In Ontario, all bicycle riders under the age of 18 have to wear protective helmets while cycling. Although helmets cannot prevent brain injuries altogether, they will limit the severity of head injuries. However, parents need to note that a bike helmet must be replaced after a fall as they are designed to withstand only one impact during a crash.
Helmets must fit tightly, and because children’s heads are still growing, their helmets must be adjusted or replaced as they become older to ensure a good fit. Some parents make the mistake of purchasing a helmet that is too big initially, with the intention of letting the child grow into it. That might not be a good idea because a loose fitting helmet cannot provide the necessary protection.
Helmet manufacturers typically provide foam pads to help ensure a snug fit and prevent the helmet from moving while the child wears it. Some brands have adjustable inner baskets that allow the tension to be tightened to achieve the perfect fit. Safety authorities advise parents to make sure they buy helmets that are designed for cycling, and that it is certified by Snell, CPSC, CSA or ASTM. Parents are also urged to make sure their children never wear their helmets over hats because it would prevent a proper fit and provide no protection.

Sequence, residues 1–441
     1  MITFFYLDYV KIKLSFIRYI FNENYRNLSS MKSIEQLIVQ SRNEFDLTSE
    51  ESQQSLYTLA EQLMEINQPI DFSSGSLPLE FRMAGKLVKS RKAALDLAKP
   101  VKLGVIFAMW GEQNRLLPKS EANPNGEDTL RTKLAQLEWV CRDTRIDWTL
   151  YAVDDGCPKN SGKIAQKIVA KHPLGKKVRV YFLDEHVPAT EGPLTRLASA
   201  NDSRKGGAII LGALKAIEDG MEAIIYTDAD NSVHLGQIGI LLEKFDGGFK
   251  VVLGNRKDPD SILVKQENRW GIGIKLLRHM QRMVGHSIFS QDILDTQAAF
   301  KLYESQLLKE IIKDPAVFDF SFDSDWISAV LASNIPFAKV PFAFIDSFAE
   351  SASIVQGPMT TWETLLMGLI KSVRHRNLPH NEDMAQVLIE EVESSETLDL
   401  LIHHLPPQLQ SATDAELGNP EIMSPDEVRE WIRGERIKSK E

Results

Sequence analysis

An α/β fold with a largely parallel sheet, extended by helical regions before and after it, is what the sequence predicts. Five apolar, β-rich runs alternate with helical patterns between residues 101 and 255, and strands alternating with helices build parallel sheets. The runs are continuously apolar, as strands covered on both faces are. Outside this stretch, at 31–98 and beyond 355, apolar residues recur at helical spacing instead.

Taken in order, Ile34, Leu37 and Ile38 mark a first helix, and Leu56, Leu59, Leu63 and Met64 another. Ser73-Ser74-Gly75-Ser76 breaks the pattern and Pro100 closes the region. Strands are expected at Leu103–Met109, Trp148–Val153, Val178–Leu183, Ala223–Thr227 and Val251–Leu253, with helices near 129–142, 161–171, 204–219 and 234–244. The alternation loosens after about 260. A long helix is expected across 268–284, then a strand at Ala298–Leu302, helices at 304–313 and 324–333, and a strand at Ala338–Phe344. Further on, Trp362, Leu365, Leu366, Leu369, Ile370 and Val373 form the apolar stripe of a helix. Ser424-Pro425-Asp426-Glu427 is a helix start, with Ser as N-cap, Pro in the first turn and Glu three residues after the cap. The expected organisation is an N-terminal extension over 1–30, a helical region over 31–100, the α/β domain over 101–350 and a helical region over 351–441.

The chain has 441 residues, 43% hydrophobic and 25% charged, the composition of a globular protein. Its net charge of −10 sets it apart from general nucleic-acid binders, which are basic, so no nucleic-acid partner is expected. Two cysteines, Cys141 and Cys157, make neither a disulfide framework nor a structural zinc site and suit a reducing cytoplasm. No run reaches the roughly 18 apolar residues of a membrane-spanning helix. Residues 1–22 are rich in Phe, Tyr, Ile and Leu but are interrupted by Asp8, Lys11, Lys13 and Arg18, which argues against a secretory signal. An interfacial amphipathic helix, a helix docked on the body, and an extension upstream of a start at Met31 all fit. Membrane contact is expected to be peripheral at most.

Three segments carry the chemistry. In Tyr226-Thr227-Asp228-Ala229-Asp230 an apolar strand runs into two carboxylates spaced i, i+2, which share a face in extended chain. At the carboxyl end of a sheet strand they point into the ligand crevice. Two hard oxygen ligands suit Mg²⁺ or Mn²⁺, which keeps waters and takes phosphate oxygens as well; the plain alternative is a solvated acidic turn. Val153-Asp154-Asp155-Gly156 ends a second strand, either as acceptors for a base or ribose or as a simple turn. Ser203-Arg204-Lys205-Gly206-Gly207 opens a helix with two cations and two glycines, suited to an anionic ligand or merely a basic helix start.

Regardless of the many precautions an Ontario parent take to ensure his or her child is safe while cycling, accidents can happen at any time. Although helmets can prevent puncture wounds to a child’s head, they cannot stop the movement of the brain inside the skull upon the impact of a fall. If the negligence of another party causes such brain injuries, the parents of an injured child might have grounds to pursue financial relief through the Ontario civil justice system. Resources are available to provide support and guidance throughout the navigation of a personal injury lawsuit.